#yeg turns ten

Today marks the tenth anniversary of the #yeg hashtag on Twitter. Here is the first #yeg tweet:

That’s probably the only time I have used #Edmonton! Ever since then, it has been nothing but #yeg. Here’s what I wrote about that tweet back in 2009:

“If I remember correctly, I found about the #yyc hashtag while I was in Calgary for BarCampCalgary2 on June 14th, 2008. I learned from @wintr that a few Calgarians had started using the hashtag to tweet about things related to their city. I thought it might be a good idea to do something similar here in Edmonton.”

Timing counts for a lot, and my Twitter story is no different. I was in the right place at the right time and joined Twitter early, on July 14, 2006. It was a fun and frustrating time (remember the fail whale) to be on Twitter. I convinced Sharon to join Twitter fairly early on, in October 2006. Her first tweet, fittingly, was about food. (Her second tweet the next day was an attempt to turn off Twitter, which at the time worked via text message).

Being one of the first people in the world on Twitter meant I was one of the few people to follow when others joined. It also probably meant I was just statistically more likely to be the one to post the first #yeg tweet, though looking back now it is kind of amazing to me that it took two years to do so. On the other hand, it wasn’t until August 2007 that Chris Messina suggested using the # symbol for groups on Twitter and posted the first hashtag in a tweet. Tagging was popular on the web already at that point but the word “hashtag” was new. Its use grew so much that it was added to the Oxford English Dictionary in June 2014.

EdmontonTweetup
That’s me speaking at the first EdmontonTweetup in May 2008

On the fifth anniversary of the #yeg hashtag in 2013 I wrote:

“People from other cities often comment on how connected and tight-knit the online community in Edmonton seems to be, and I think the #yeg hashtag is really at the heart of that. We’ve used it to make new friends, to share the news, to raise money for important charitable causes, and for thousands of other interesting and important reasons.”

It didn’t take long for Edmonton’s Twitter community to grow beyond simply #yeg. Now people use all kinds of tags that start with #yeg like the ever-popular #yegfood. It used to surprise me to see #yeg used in places outside Twitter. Now, for better or worse, it’s part of the social fabric of our city.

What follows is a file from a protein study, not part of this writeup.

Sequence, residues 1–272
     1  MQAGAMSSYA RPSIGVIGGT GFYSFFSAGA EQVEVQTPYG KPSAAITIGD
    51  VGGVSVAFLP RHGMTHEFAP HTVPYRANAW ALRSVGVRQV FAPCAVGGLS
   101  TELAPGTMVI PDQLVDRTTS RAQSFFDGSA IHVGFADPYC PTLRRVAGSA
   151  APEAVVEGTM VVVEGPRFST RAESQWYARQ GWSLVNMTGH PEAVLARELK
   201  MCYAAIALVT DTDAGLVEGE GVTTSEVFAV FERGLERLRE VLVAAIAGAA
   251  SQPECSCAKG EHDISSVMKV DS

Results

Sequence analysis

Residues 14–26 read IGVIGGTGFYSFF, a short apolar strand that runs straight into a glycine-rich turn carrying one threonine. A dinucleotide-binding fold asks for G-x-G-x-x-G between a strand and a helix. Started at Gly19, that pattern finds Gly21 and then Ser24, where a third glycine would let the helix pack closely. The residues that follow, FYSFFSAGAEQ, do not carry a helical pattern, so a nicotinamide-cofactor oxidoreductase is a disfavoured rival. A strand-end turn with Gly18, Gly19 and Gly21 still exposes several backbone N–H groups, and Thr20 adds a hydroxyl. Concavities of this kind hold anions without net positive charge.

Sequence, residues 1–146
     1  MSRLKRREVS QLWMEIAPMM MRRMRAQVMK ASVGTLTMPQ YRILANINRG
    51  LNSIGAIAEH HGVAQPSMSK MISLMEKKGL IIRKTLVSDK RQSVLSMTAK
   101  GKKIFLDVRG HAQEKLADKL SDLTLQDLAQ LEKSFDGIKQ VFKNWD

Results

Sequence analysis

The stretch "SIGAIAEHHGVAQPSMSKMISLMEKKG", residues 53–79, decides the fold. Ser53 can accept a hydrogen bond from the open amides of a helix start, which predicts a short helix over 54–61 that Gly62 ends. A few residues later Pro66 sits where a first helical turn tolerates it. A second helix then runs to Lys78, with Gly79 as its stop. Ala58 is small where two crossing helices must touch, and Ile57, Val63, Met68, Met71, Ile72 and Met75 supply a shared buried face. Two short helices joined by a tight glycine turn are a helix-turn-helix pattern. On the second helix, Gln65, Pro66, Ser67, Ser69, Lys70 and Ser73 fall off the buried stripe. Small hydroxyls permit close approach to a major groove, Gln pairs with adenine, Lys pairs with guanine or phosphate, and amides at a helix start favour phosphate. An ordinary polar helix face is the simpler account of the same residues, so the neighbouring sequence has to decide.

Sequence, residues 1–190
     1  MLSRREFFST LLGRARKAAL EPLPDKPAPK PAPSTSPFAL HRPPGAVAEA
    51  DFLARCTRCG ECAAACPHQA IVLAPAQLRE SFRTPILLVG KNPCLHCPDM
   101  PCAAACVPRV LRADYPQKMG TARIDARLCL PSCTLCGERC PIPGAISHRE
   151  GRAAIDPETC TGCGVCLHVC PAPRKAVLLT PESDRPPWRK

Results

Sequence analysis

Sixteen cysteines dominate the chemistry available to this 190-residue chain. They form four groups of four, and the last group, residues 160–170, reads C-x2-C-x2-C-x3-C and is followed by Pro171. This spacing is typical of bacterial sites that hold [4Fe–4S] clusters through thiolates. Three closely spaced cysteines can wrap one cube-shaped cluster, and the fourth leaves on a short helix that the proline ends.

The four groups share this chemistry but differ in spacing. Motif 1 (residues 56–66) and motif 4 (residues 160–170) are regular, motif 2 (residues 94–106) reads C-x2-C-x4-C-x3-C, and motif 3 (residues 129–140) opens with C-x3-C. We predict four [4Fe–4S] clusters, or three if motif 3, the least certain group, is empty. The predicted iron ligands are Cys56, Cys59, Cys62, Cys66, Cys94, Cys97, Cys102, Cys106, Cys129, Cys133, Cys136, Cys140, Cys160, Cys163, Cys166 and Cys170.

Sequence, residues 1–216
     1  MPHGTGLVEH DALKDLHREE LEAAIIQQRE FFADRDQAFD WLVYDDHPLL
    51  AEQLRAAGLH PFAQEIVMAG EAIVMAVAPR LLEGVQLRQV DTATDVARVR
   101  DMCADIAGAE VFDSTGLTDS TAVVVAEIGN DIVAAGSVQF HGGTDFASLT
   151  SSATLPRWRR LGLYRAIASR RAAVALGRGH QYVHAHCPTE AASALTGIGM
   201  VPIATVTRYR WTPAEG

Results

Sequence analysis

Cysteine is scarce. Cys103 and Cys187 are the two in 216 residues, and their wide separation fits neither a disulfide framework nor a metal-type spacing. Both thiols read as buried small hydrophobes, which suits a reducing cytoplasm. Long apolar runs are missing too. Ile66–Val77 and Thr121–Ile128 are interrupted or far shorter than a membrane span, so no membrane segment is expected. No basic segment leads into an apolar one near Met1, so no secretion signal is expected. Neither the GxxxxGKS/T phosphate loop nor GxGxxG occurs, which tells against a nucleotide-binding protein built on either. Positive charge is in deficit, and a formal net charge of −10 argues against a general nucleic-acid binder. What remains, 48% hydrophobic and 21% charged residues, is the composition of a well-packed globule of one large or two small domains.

Still, it wouldn’t be the hashtag (and community) it is today without all of the people that have worked to support and grow it over the years. Especially Brittney, Adam, Jerry, Tamara, Linda, and Kathleen, to name just a few.

Oh, and it’s pronounced y-egg not why-e-gee. 🙂

Here’s to the next ten years of #yeg!

Media Monday Edmonton: Update #301

Here’s my latest update on local media stuff:

Carbon Copy Unveiling
Carbon Copy was unveiled recently in the Brewery District

And here is some slightly less local media stuff:

  • About 75 people were laid off on June 14 from Rogers Media’s digital content & publishing team. Here’s a statement from Rogers Media on the layoffs: “We have reorganized our…structure to reflect the headwinds the industry is facing and make the business sustainable.”
  • Following in the footsteps of Postmedia, Global News is launching a new podcast called “This is Why” to delve “deeper into the stories that matter to Canadians.”
  • The Logic is a new Canadian subscription news outlet. “Information wants to be $300 a year — and it wants to be exclusive, high quality, and lower quantity,” reports Nieman Lab.
  • Concordia University is launching the Institute for Investigative Journalism, the first of its kind in Canada, to be headquartered in the Department of Journalism.
  • From Quartz: “Next year, for the first time, we’ll spend more time using the internet than watching TV.”
  • Based on a new report from PwC, the Wall Street Journal reports that “advertisers spent an estimated $313.9 million on podcast ads in 2017, an increase of 86% from about $169.1 million a year earlier”.
  • Did you enjoy the S-Town podcast? Well, get ready for the movie. Participant Media has acquired the rights and Spotlight‘s Tom McCarthy is in negotiations to direct.
  • Don’t worry, #mprraccoon reached the roof and was rescued. Think about everything this story tells us about the state of media right now!

Follow Edmonton media news using the hashtag #yegmedia and be sure to check out Mediagazer for the latest media news from elsewhere. You can see past Media Monday Edmonton entries here. If you have a tip or suggestion for future updates, let me know.

At Taproot Edmonton we’re working hard to ensure that local journalism has a future in our city. Join us to be part of the movement.

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Edmonton Notes for June 17, 2018

Here are my weekly Edmonton notes:

Headlines

Downtown Sunset

Upcoming Events

Edmonton Brewing & Malting Company
A new plaque in the Brewery District for the Edmonton Brewing & Malting Company building

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Recognizing child friendly businesses in Edmonton

Child Friendly Edmonton, a Council Initiative sponsored by Councillor Bev Esslinger, launched the new Child Friendly Business Recognition Program today at City Hall. The program “aims to promote businesses that are intentionally welcoming to children and their families.”